Now that we know what is meant by a style uniform, and we know of the great reasons to try it at some point, let's figure out how to do it. I've created a few personal uniform guidelines to make sure that what we come up with for our uniform has what is necessary to keep it both simple and flexible.
KLM UNIFORM GUIDELINES. Your personal uniform should
1) works for work, going out, and home life/running errands
2) the pieces must be items you can find in store at any time of the year, regardless of what the trends are
3) uses at most 2 neutrals and 1 color (which could be a 3rd neutral if you prefer)
4) rotate through your closet
It's a lot to ask for women's clothing, as the expectations are higher, and the options are all over the place, but it can be done. (If you need individualized help, see my services and email me if you don't find what you were looking for). It's essential that a personal uniform be appropriate for every common occasion that takes you out of the house.
When you're in-home, you can be in your loungewear, and when you're at the gym you can be in your fitness garb, but to and from, where you're out, about, and seen, you should be in your personal uniform. The president wears a dark suit, Steve Jobs wore blue jeans and a black turtleneck, and you must discover what is right for your public life.
For work there are often hemline and neckline considerations, sometimes sleeve lengths as well. There may also be color restrictions. Make note of all of these. If you have a special uniform for work (e.g. scrubs at a hospital), that will not count in any way toward your personal uniform. If your job has requirements that you don't like, rather than having a black sheath dress for work and a white pant suit for personal, first try to find ways to make the dress a look you like, because it's something you will be seen in a lot.
For going out, you'll want the feeling to be less stuffy, which may require notes as to fabrics (suiting won't be your best material unless you only go to fancy pants attorney cocktail lounges or something). It may be as simple as swapping jackets (e.g. black crepe blazer instead of black wool blazer).
For wearing at home, you're looking for a certain level of comfort, which is both fabric and silhouette. You can always change into loungewear if you know you're home for the day, but if you'll be intermittently at home and running errands, you'll need your uniform to be both polished and somewhat comfortable.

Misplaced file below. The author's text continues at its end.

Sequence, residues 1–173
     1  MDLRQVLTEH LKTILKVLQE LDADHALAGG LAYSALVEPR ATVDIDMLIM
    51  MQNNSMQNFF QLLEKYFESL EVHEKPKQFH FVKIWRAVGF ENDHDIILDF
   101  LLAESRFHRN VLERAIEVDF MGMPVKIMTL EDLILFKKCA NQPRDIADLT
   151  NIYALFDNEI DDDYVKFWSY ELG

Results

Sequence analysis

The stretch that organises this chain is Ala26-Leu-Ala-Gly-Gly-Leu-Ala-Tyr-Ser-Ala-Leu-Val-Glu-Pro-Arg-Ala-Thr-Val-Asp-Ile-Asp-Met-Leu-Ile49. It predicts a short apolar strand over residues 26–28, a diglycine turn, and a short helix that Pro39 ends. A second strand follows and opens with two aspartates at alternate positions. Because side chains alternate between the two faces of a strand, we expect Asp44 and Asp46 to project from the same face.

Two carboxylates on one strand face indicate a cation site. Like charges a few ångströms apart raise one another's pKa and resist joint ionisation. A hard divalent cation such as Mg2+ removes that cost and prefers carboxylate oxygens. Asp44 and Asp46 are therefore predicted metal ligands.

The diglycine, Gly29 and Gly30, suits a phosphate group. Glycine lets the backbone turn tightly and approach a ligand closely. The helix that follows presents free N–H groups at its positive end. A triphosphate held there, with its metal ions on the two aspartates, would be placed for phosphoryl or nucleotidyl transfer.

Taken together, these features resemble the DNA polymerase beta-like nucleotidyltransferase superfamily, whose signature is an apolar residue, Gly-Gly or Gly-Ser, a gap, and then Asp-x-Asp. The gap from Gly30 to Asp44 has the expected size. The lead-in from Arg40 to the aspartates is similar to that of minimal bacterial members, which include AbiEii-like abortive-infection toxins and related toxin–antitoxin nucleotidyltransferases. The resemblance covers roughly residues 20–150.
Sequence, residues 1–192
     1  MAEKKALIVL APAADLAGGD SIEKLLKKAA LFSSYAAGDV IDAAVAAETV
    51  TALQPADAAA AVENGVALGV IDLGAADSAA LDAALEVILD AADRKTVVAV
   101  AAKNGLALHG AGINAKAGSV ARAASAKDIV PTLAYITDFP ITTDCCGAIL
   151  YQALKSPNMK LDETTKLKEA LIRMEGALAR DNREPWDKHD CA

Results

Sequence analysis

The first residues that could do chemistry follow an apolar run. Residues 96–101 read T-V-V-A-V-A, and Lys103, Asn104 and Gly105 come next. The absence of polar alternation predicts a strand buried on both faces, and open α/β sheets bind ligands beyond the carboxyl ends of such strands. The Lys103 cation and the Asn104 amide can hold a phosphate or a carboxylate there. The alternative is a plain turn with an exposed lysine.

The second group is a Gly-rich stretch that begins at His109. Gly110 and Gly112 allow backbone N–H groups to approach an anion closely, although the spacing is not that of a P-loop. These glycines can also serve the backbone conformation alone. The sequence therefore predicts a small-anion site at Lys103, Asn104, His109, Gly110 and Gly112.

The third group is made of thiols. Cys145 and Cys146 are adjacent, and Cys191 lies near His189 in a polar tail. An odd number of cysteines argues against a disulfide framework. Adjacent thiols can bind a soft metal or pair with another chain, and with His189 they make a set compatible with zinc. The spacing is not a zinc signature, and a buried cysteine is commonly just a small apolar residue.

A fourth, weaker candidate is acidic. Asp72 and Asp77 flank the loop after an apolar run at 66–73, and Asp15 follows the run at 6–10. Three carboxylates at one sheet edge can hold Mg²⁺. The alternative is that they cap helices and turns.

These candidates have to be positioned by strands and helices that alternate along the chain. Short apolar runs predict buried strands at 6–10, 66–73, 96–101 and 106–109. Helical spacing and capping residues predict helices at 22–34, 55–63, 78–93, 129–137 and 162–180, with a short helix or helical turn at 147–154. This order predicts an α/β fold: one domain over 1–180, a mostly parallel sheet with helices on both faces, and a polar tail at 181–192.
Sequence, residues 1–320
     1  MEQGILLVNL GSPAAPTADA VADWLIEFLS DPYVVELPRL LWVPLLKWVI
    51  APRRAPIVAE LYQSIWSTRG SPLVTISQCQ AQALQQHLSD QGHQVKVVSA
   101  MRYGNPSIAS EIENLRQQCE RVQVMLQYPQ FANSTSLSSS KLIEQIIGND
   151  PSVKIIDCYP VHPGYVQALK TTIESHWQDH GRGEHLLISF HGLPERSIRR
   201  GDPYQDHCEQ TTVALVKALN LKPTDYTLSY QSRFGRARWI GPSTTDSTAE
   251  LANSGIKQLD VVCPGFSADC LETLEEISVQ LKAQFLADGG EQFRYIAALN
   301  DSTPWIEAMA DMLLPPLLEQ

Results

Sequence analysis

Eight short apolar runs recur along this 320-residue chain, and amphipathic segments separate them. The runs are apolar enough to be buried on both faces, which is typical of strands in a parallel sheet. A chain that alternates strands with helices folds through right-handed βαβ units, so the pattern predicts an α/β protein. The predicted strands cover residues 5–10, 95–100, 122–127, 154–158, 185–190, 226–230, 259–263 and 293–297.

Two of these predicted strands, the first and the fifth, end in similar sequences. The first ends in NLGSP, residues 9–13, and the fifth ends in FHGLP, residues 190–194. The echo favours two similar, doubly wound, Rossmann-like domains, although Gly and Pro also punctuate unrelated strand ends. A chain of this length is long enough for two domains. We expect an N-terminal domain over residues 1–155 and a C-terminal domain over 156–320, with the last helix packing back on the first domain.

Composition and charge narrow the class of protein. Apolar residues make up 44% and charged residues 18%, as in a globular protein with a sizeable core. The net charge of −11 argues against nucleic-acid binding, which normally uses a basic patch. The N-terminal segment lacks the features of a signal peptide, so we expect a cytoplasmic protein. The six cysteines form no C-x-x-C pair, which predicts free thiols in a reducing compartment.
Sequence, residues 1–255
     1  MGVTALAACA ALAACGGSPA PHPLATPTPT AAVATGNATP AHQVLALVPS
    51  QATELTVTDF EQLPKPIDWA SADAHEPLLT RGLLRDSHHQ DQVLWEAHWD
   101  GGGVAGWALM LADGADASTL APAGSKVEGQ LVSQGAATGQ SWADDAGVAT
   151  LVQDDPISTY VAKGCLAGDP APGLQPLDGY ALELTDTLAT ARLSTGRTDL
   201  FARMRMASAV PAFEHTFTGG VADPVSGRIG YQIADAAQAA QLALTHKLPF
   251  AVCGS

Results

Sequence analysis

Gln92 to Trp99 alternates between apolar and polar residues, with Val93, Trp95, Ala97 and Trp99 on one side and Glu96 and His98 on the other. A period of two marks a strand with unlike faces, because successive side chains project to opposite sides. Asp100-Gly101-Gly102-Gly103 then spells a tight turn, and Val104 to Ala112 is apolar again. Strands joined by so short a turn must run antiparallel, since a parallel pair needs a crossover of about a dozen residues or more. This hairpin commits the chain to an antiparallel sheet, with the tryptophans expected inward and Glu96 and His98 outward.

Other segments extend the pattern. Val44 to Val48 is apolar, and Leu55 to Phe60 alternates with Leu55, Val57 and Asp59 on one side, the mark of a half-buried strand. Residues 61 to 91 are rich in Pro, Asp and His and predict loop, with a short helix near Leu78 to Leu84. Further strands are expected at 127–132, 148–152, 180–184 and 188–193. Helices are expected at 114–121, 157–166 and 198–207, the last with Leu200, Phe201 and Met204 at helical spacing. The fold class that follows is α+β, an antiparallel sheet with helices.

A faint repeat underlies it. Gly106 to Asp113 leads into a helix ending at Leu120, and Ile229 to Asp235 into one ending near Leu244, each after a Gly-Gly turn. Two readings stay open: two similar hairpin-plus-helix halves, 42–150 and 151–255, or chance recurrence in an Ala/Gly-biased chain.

To ensure you'll always be able to find the pieces of your uniform in-store, make it broad enough. This is part of why most well-known uniforms are some variation on White top + Black bottom. They can be found in almost any store, any season, any year. Know that the more creative you get with your uniform, the more time you'll have to sink into shopping for your uniform. When you find what you're looking for, buy multiples.
If you've chosen more of a signature style than a personal uniform, but still want to keep your mornings simple, rather than taking additional time to choose clothes and shoes each morning, and possibly falling into the trap of wearing only one or two favorites (that you perhaps should have bought 8 of instead of having the small varieties that create a largely unworn wardrobe), rotate through them. Always grab the top on the left, for example, and when you wash your clothes, hang them up on the right side. Do the same with your shoes- wear the first pair on the left, and at the end of the day, put them down on the right end of the row. If there is an item you disliked wearing, and if the reason for dislike can't be fixed, remove it from your wardrobe.
Rotating through your closet is good routine for personal uniform as well, to keep in the practice of wearing fresh clothing, to spread out the daily wear and tear, and to be clear on how many of each item you actually need. If you bought extra for the future, keep these safely in storage with moth balls and out of your visual space.